“In the future, we can do all of this 3-D video conferencing on the phone,”
Nik Karpinsky quickly tapped out a few computer commands until Zeus, in all his bearded and statuesque glory, appeared in the middle of a holographic glass panel mounted to an office desk.
The white statue stared back at Karpinsky. Then a hand appeared and turned the full-size head to the right and to the left. Yes, it was quite clear, Zeus really was pictured in 3-D.
And there it was from one computer work station on the second floor of Iowa State University’s Howe Hall to another down on the first floor: 3-D teleconferencing that’s live, real-time and streaming at 30 frames per second.
“Four years ago, this would not have been possible,” said Karpinsky, an Iowa State doctoral student in human computer interaction who’s been working day and night to make the technology a reality.
Part of the problem is the complexity of the technology, said Song Zhang, Iowa State’s William and Virginia Binger Assistant Professor of Mechanical Engineering, an associate of the U.S. Department of Energy’s Ames Laboratory and the leader of the 3-D imaging project.
“There are a lot of skills involved,” he said. “You have to do programming, optical engineering, hardware, software and networking.”
To make it all work, Karpinsky and Zhang had to solve three big technical problems: capturing the 3-D images, transmitting the images and displaying the images.
“I was originally worried about transmission,” Karpinsky said. “But we had to focus on all three.”
The result of successfully combining those technologies is a proof-of-concept prototype that Karpinsky and Zhang call “Portal-s.”
It all starts with a projector that shines a light straight at a teleconferencer, in this case, that bust of Zeus. There’s a camera to the right of the projector and one to the left, both angled toward the subject. The cameras record two images of the light as it’s distorted by the subject. The images are combined to create a single 3-D image.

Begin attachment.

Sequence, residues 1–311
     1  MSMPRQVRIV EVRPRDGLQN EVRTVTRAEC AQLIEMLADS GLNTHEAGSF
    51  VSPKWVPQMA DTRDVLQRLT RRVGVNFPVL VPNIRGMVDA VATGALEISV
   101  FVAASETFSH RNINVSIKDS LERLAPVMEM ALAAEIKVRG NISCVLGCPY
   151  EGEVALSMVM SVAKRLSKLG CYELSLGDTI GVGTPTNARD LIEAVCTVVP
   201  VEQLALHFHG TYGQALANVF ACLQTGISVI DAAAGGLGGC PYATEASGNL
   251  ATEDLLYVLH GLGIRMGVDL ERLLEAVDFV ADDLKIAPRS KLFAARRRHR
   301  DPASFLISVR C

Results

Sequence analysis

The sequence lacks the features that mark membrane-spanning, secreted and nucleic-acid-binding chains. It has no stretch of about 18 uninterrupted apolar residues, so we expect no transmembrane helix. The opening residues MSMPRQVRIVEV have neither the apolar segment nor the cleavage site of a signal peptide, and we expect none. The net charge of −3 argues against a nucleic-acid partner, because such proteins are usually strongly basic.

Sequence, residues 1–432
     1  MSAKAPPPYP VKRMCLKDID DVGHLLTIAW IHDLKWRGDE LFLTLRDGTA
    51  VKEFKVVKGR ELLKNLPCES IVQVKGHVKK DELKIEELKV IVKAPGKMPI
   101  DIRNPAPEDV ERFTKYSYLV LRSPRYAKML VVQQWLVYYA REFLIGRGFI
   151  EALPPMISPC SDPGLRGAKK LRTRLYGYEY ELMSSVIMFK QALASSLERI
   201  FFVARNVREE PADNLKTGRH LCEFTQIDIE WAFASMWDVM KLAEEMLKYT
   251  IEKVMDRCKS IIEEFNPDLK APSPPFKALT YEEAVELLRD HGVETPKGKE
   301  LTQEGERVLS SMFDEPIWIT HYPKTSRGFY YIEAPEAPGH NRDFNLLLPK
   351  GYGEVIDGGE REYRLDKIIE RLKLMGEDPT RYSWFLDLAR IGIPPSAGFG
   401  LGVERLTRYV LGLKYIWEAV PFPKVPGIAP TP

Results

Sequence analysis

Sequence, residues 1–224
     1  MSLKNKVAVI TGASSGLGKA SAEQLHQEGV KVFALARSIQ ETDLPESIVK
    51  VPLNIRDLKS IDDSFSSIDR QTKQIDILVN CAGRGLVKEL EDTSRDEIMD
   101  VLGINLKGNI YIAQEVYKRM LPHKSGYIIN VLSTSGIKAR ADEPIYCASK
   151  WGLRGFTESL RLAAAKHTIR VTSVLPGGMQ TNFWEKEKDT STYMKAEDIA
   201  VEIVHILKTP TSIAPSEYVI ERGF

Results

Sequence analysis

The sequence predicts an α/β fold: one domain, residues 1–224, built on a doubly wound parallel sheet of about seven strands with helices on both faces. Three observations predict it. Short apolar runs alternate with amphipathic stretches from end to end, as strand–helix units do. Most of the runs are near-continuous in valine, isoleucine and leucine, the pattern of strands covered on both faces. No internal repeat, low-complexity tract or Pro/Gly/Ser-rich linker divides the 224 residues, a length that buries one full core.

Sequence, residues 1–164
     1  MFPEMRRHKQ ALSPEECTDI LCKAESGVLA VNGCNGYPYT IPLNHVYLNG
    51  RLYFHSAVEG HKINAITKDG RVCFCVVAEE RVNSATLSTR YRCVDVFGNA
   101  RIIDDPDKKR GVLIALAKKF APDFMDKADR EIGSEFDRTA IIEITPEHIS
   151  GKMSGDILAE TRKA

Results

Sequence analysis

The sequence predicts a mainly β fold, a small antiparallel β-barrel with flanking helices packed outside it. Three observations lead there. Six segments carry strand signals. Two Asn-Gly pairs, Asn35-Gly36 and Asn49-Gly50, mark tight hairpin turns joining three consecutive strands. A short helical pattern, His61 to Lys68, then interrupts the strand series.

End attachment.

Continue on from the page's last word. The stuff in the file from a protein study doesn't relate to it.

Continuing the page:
That optical hardware is networked and connected to a standard computer with a graphics card. The computer combines, processes and compresses the images. (And it really compresses them – from 700 megabits per second to less than 14 megabits per second.)
The compression allows transmission of 3-D images to another computer, even over wireless networks.
The idea, Karpinsky said, is for the projectors to become the eyes of the teleconferencing system: “What the projector sees is what you see.”
Zhang said the next steps include developing and testing applications for smart phones. He thinks the technology is only a few years away.
“In the future, we can do all of this 3-D video conferencing on the phone,” he said. “These phones are powerful enough to do all the computation.”
Zhang also wants to develop the 3-D teleconferencing technology for use in powerful virtual reality environments such as Iowa State’s C6, a six-sided room that surrounds users with 100 million pixels of 3-D images.